Emergence Capital typically takes a measured approach to growth and prefers to promote within.
So when the San Mateo, California-based firm, which raised $435 million for its fifth early-stage fund in 2018, promoted two of its staff late last year, we were not surprised.
To begin with, the enterprise cloud and software-as-a-service investor promoted Carlotta “Lotti” Siniscalco to principal. She joined the firm more than two years ago and leads investment analysis and the firm’s deal pipeline, focusing on fintech and insurance start-ups. She also heads up Emergence’s female founder’s initiative and is the chief editor and a mentor for Mentors4U, an independent mentoring program in Europe.
Siniscalco is not the first woman on Emergence’s investment team. Kara Egan was a principal at the firm until she left in February 2020 to join a stealth healthtech start-up. Separately, Vivian Faga was an operating partner at Emergence for three years until October. Her LinkedIn lists her now as an operator and an advisor at several organizations.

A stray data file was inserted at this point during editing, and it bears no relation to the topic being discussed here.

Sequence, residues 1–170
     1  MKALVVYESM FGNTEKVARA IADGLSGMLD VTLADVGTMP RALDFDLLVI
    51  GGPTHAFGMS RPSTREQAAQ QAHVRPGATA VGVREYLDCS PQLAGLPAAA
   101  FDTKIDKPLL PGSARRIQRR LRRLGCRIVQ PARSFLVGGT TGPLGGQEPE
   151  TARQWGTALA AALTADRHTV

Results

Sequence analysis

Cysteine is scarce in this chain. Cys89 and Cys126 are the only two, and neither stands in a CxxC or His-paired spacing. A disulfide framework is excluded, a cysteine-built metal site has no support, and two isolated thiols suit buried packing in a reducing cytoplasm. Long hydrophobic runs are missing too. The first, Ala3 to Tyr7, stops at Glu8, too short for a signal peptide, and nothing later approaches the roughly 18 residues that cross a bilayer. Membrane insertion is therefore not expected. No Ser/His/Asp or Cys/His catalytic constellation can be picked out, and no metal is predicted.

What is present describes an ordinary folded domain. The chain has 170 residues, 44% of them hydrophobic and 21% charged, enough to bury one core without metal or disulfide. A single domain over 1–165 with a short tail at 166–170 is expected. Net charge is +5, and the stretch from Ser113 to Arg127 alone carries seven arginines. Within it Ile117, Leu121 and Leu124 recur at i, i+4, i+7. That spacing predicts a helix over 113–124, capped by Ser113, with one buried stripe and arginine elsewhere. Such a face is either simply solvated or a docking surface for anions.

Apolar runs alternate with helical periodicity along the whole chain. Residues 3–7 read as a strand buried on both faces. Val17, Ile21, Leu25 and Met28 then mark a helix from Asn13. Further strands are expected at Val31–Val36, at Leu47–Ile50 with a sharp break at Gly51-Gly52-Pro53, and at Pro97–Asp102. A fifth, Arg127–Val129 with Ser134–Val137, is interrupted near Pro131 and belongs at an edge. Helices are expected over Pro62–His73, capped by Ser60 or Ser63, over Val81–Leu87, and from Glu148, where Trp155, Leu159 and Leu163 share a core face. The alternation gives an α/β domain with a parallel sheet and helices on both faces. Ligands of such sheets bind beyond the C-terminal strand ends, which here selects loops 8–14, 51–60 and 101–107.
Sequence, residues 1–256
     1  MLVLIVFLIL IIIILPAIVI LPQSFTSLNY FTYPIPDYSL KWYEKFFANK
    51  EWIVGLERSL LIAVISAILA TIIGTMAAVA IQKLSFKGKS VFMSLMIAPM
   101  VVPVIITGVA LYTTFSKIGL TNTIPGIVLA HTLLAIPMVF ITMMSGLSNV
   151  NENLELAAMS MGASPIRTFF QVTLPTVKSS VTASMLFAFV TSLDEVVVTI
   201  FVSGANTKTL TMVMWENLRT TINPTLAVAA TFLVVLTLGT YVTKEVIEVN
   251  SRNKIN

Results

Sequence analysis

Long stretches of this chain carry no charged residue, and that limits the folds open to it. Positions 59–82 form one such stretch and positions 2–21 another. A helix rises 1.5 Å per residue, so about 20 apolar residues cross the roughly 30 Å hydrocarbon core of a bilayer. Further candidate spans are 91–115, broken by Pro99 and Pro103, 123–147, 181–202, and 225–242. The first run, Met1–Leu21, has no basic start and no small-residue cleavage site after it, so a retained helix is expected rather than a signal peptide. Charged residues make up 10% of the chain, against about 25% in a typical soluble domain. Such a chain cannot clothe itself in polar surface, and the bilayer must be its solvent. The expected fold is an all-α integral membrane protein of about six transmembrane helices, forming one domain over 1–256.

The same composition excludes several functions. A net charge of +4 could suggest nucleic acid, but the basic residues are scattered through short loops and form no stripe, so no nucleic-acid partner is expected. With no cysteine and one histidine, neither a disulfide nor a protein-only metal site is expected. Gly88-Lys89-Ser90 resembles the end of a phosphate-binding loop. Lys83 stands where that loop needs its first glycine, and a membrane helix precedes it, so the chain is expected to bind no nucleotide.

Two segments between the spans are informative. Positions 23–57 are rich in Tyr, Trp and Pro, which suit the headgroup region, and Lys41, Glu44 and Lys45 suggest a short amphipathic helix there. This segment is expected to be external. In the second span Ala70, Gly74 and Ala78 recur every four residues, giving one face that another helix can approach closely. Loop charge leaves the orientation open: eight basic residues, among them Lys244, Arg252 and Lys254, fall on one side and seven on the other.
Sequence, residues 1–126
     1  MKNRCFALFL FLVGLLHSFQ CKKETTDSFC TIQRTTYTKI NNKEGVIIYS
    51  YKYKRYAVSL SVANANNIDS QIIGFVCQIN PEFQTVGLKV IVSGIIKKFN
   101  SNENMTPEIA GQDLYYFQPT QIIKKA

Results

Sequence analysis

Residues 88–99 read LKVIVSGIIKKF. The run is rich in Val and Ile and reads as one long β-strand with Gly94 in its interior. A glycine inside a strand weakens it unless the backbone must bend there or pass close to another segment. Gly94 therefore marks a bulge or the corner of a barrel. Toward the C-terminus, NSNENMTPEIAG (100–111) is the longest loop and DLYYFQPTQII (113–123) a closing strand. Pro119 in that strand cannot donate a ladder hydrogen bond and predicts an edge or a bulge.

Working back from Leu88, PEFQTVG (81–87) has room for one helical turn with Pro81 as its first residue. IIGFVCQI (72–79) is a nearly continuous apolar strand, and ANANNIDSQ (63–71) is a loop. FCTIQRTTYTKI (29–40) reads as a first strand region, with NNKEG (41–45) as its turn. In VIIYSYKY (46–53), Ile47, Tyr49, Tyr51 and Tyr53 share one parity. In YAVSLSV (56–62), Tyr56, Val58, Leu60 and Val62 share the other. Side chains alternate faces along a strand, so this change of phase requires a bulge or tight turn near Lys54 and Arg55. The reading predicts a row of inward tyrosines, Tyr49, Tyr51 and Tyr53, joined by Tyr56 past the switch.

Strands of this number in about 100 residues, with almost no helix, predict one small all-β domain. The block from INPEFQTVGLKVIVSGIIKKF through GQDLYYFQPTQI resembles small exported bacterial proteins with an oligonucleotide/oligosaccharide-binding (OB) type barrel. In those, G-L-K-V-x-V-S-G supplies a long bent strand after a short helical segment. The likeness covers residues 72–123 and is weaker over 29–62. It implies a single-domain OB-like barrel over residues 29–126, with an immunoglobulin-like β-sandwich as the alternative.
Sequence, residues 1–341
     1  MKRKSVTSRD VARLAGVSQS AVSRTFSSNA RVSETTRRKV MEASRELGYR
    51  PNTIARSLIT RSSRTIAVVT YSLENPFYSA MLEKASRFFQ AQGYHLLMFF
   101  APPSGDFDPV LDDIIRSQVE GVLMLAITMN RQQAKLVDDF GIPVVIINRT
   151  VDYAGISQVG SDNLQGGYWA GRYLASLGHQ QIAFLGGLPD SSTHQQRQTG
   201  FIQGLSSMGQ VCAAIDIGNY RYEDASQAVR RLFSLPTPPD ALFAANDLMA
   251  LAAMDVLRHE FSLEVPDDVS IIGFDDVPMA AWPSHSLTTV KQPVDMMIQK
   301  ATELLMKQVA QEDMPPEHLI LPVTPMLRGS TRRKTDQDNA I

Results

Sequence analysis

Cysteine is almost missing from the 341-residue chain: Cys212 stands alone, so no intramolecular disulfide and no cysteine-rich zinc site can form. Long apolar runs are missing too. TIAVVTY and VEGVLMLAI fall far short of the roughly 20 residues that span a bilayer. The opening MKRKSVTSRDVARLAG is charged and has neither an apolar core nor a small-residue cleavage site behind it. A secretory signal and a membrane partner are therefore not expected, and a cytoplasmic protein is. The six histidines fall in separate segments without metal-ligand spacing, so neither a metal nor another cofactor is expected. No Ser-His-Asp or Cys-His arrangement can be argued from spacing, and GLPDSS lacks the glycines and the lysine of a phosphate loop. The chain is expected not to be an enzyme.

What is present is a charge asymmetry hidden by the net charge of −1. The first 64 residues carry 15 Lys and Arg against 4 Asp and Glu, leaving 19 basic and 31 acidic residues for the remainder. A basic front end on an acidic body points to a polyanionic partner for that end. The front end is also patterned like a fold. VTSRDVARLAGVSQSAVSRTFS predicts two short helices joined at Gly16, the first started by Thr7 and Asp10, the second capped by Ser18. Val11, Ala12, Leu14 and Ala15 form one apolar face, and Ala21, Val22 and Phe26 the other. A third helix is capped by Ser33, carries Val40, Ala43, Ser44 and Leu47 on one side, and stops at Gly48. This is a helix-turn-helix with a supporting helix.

In addition to Siniscalco, Emergence also promoted Jake Saper to become the sixth active general partner on staff, joining Jason Green, Gordon Ritter, Kevin Spain, Santi Subotovsky and Joe Floyd. Saper has been with the firm since 2014.
Saper essentially steps in to fill the slot of general partner Brian Jacobs. Jacobs, who co-founded the firm in 2003 with Green and Ritter, remains active on the firm’s older funds, but is not on the roster of Fund V.
In 2019, he launched the seed-stage Moai Capital with his own money (Moai is pronounced as “Moe-eye” and comes from the stone carvings on Easter Island).
We checked in with Jacobs recently, who says 2020 was an active year, as he backed four start-ups via Moai, exceeding the number for 2019. You can see the entire portfolio at moai.vc. The new ones are BabyQuip, Freeword, Mara BioSystems and one more in stealth mode.
Jacobs also tells us he taught the autumn quarter VC course at the Stanford Business School for the second year. And what was it like to teach via Zoom (which, by the way, is a portfolio company of Emergence Capital)?
“Like teachers everywhere, I was terrified when I had to learn about teaching on Zoom,” Jacobs says. “But I adapted quickly and now I think the course was even better.”